Professors Victor Cha and Robert Gallucci weighed in on the ongoing North Korea denuclearization news for NPR. According to Gallucci, the Trump administration’s call for “irreversible” denuclearization may be setting a lofty goal that is physically implausible to achieve.
Trae Stephens (SFS ’06) spoke with Fortune Magazine on investment strategy, technology, and his role in the Trump transition process. “I’ve always been fascinated by how technology can touch these really unsexy, broken industries,” explained Stephens in the interview.
Professor Harley Balzer spoke with the New Republic about the geopolitical implications of the World Cup being held in Russia. He called the country’s new grandiose stadium in Kaliningrad a “Putin-style power demonstration” aimed to represent Russia’s power in the region.
Victor Cha, D.S. Song-KF Professorship in Government and International Affairs, described his vision for a new approach to North Korea in a Foreign Affairs op-ed. Cha argues that his strategy focusing mainly on coercion would allow the U.S. to maintain its “center of gravity” in the region regardless of results.
Victor Cha, D.S. Song-KF Professorship in Government and International Affairs, weighed in on President Trump’s decisions regarding the upcoming summit with North Korea. In the New York Times, Cha explained that Trump has already made key concessions even though the negotiations have not formally begun.
Scott Stirrett (SFS ’13) was named the LGBTQ Innovator of the Year by Telus. Stirrett is the founder and CEO of Venture for Canada, which pairs recent college graduates with Canadian startups as part of a training and fellowship program.
Robert Gallucci, Distinguished Professor in the Practice of Diplomacy, went on NPR to discuss Secretary of State Mike Pompeo’s meeting with North Korean officials. “It would be fairly bizarre to have these two gentlemen meet in New York and have what’s going on in both Singapore and at Panmunjom all happening at the same time without a pretty clear commitment to go ahead with the [summit],” explained Gallucci.
John Feeley (SFS ’83) discusses his decision to resign from his post as Ambassador to Panama. “In the Foreign Service, we don’t have the luxury of gnashing our teeth at political outcomes,” explained Feeley in The New Yorker.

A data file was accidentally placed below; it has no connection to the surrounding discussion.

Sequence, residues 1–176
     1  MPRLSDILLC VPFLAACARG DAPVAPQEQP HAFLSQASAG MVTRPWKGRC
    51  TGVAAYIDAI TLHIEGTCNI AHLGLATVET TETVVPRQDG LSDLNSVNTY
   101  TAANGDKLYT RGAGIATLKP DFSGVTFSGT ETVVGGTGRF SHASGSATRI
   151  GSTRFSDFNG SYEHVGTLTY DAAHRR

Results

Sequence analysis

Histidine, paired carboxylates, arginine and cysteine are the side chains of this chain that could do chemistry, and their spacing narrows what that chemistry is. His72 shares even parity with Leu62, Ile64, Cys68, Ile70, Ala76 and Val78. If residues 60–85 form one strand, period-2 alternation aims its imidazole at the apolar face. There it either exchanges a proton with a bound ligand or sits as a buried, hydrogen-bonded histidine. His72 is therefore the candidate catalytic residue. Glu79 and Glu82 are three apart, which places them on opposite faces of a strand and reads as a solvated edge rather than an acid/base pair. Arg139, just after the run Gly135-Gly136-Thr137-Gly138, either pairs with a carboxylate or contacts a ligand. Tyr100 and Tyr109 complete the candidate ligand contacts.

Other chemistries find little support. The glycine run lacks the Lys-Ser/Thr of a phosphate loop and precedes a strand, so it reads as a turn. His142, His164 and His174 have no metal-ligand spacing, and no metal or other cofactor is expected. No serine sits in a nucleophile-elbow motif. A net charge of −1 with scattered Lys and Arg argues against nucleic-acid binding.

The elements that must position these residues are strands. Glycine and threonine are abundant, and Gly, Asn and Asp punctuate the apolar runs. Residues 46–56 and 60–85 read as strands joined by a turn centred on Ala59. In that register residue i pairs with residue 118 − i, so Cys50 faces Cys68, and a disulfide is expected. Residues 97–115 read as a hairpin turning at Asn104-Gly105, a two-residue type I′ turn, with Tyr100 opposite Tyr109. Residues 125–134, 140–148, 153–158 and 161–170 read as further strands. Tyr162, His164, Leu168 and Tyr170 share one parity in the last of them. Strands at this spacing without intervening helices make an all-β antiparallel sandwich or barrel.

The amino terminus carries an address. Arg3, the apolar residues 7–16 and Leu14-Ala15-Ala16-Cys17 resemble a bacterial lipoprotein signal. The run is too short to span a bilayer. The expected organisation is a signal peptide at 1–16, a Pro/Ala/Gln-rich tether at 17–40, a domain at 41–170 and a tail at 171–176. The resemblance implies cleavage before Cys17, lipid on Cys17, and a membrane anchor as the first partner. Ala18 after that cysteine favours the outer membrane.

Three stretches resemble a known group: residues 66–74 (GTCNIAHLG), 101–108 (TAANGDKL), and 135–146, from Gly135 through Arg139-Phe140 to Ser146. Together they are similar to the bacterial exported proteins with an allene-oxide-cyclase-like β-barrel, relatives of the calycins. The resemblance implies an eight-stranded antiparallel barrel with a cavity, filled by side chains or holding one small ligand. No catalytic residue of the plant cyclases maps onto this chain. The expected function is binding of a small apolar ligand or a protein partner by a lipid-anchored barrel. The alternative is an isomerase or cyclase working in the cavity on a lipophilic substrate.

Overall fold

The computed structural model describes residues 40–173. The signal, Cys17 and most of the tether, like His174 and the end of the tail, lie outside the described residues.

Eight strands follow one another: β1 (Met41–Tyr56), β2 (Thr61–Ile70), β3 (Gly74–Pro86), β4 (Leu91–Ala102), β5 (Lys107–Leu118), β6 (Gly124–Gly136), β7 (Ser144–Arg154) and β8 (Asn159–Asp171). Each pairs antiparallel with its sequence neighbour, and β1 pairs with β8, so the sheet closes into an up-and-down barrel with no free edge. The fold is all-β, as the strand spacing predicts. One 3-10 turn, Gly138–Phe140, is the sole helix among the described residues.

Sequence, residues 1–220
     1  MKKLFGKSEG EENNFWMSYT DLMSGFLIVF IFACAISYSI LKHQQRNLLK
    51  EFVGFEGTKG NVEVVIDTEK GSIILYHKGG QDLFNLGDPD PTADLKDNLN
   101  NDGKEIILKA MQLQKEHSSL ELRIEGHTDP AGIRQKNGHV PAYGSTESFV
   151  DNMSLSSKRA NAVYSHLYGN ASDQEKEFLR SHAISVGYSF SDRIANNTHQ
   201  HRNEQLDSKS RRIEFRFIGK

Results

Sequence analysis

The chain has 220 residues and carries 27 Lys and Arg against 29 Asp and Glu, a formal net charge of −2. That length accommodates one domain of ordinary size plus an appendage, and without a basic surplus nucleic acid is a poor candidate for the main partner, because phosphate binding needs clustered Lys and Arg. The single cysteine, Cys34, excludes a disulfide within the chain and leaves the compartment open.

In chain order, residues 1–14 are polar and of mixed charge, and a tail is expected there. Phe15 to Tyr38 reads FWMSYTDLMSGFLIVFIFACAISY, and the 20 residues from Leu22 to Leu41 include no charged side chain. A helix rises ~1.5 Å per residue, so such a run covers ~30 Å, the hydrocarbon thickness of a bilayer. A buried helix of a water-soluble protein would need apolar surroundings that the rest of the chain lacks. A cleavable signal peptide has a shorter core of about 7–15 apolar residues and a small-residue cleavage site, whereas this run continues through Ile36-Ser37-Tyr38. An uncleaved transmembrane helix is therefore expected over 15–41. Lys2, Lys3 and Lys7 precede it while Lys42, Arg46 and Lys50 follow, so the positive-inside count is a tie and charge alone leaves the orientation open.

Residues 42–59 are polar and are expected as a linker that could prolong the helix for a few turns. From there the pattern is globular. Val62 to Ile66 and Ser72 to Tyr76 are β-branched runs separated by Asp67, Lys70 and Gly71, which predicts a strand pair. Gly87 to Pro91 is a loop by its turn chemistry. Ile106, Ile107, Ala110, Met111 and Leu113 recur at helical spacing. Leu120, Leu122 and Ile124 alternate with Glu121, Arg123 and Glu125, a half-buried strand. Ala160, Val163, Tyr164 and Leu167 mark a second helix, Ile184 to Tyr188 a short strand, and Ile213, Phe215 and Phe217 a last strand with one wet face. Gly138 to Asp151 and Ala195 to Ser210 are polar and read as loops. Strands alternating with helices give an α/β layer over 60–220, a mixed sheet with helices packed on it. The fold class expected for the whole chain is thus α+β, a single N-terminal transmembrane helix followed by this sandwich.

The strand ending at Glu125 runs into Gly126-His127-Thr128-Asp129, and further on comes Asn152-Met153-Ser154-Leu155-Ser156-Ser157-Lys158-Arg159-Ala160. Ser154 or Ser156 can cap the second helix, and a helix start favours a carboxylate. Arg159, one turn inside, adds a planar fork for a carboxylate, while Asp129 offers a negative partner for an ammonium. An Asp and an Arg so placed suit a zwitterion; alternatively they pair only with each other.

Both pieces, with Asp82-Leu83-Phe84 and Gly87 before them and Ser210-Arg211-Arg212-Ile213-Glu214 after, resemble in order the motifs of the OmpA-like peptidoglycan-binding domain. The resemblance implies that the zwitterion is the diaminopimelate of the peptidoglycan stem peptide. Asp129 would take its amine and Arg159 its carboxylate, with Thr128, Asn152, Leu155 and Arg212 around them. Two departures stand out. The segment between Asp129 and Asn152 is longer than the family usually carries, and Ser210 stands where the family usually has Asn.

Ariane Tabatabai, SFS Professor, answered questions on the Iran Nuclear Deal after the withdrawal of the United States from the treaty. She argues that the administration’s decision to remove itself from the treaty was largely motivated by domestic politics.
“This would take months if not years of negotiations to be confident for the president to walk into a meeting and say yeah, the North Koreans are going to do what we want them to do,” said Victor Cha, D.S. Song-KF Professorship in Government and International Affairs. Cha mentioned that the postponement of the North Korea nuclear summit gives the U.S. more time to prepare.
Jeffrey Anderson, director of the Center for German and European Studies, reviewed the disagreement between the United States and its European allies regarding the Iran Nuclear Deal. Anderson argues that while a public difference of opinion between the U.S. and Europe is rare, this disagreement demonstrates the unusual current geopolitical space.
Professor Jacques Berlinerblau, director of the Center for Jewish Civilization, commented on the literary work of Pulitzer-Prize winning novelist Philip Roth. He described Roth’s writing style as “authentic and unusual” but questioned whether his work will survive in the #MeToo era, as some have called Roth’s writing misogynistic.
SFS Professor Dennis Wilder discusses the Trump administration’s policy towards North Korea and China. He argues that the administration should force the North Korean government to make concessions before agreeing to a meeting.
Dan Byman, SFS Professor appeared in a ProPublica article on terrorism. Byman said that he is glad the United States is “getting tough” on North Korea and further discussed the decision to name the state a sponsor of terrorism.
SFS Professor Dennis Wilder explained the North Korean threat to cancel its upcoming summit with South Korea over continued South Korean military drills. “I think this is posturing by the North Koreans. I think they are trying to do a little bit of shaking the American side up,” said Wilder.